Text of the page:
Movie Review: Monsieur Verdoux

Posted: February 17, 2010 in Movie Review, Reviews
Tags: , , , , ,

Monsieur Verdoux (1947 Dir. Charles Chaplin)

This movie is part of Chaplin’s declining years. This is the first movie in some 30 years where Chaplin doesn’t play the little tramp in some capacity. Even in The Great Dictator, he is essentially playing the tramp in his roll as the barber. In fact, as far as I know, Chaplin never returned to the roll of the tramp again.

This movie involves a banker who marries and murders in order to get some money, known at the time as a Bluebeard. His later defense becomes that he has done no more than soldiers and other business men. It’s a wee bit commie, but Charlie was a wee bit commie anyway.

The movie starts too slowly for my tastes, which is odd considering how quickly it seems to start. We begin right in the middle of Verdoux’s murderous career. This means that we leap right into the tale, but it also means there is some fumbling to show off where we are in the story in the first twenty minutes or so. Things pick up a little after those first 20 minutes, when we start to see some of Henri’s personality come to the forefront, but there are still lots of little stops and starts.

Most of Verdoux’s victims are made out to be fairly horrible people, somewhat deserving of his murder. The problem with the segments involving each victim are too much like short movies that are almost too disconnected to really be part of the movie. This has always been one of Chaplin’s biggest problems in his long movies. His movies lack a full narrative thrust, being more a series of shorts barely stitched together. This movie does better than most, but it’s still a series of semi-connected vignettes rather than a whole and complete movie. As a result, it takes over an hour for the movie to get going as much as it does, which isn’t much.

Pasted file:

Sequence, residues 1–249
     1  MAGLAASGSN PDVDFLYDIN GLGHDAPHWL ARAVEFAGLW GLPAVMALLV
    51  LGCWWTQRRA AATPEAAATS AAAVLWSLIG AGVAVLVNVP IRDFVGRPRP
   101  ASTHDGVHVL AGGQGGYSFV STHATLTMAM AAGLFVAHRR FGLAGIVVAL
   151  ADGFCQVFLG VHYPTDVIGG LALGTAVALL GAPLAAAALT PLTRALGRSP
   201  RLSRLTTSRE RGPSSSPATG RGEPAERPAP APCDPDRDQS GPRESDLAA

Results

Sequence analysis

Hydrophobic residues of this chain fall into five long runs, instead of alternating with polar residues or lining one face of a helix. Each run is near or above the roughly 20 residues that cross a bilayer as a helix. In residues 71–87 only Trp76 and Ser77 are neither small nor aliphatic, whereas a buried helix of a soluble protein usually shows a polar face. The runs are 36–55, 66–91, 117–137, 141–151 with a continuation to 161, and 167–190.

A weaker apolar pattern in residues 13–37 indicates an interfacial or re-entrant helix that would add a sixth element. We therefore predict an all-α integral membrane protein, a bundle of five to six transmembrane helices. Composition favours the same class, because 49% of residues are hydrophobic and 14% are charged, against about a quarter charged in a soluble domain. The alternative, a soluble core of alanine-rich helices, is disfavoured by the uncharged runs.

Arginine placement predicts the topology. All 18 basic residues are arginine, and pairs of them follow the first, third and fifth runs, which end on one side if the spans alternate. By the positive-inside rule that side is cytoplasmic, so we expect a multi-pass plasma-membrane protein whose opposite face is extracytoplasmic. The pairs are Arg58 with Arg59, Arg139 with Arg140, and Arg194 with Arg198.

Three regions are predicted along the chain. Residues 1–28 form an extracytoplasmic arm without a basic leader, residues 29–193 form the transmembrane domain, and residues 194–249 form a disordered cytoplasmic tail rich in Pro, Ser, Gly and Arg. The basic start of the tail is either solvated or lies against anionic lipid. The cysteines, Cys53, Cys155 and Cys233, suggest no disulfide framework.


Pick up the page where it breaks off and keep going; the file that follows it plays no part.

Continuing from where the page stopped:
This has become something of a cult classic, with its cynical approach and message that in evil, numbers sanctify. There is something of an anti-capitalistic approach here that figures in with so many of Chaplin’s movies. Since Chaplin was something of a socialist though, we must accept his ideals if we are to enjoy his movies.

I’m not as thrilled with this as I am many of his earlier films, but that is a matter of taste. It’s a well made movie, but made from an older and more cynical mindset of a man that was on the outs with his public. Too much of the comedy is dependent on a style that had long since gone out of fashion since the end of the silent days, and in the end this is a work that doesn’t come up as high as it could have.

Official Score:
19 Degrees on the Graffiti Bridge Scale.

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